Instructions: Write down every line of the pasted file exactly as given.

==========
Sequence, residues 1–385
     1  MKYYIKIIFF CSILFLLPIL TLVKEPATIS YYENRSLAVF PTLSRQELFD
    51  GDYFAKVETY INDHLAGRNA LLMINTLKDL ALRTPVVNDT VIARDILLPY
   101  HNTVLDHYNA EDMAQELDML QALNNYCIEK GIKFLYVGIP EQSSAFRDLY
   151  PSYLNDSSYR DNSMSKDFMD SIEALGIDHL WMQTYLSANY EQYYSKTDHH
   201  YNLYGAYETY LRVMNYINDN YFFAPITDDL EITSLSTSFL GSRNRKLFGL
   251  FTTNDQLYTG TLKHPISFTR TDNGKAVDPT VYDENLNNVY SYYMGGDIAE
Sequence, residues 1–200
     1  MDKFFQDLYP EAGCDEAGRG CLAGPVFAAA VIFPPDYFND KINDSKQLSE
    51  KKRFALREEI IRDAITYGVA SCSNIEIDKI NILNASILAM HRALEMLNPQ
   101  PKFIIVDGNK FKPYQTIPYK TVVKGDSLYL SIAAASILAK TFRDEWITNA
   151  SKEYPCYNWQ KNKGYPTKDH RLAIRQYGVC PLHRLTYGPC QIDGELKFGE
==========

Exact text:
Sequence, residues 1–385
     1  MKYYIKIIFF CSILFLLPIL TLVKEPATIS YYENRSLAVF PTLSRQELFD
    51  GDYFAKVETY INDHLAGRNA LLMINTLKDL ALRTPVVNDT VIARDILLPY
   101  HNTVLDHYNA EDMAQELDML QALNNYCIEK GIKFLYVGIP EQSSAFRDLY
   151  PSYLNDSSYR DNSMSKDFMD SIEALGIDHL WMQTYLSANY EQYYSKTDHH
   201  YNLYGAYETY LRVMNYINDN YFFAPITDDL EITSLSTSFL GSRNRKLFGL
   251  FTTNDQLYTG TLKHPISFTR TDNGKAVDPT VYDENLNNVY SYYMGGDIAE
Sequence, residues 1–200
     1  MDKFFQDLYP EAGCDEAGRG CLAGPVFAAA VIFPPDYFND KINDSKQLSE
    51  KKRFALREEI IRDAITYGVA SCSNIEIDKI NILNASILAM HRALEMLNPQ
   101  PKFIIVDGNK FKPYQTIPYK TVVKGDSLYL SIAAASILAK TFRDEWITNA
   151  SKEYPCYNWQ KNKGYPTKDH RLAIRQYGVC PLHRLTYGPC QIDGELKFGE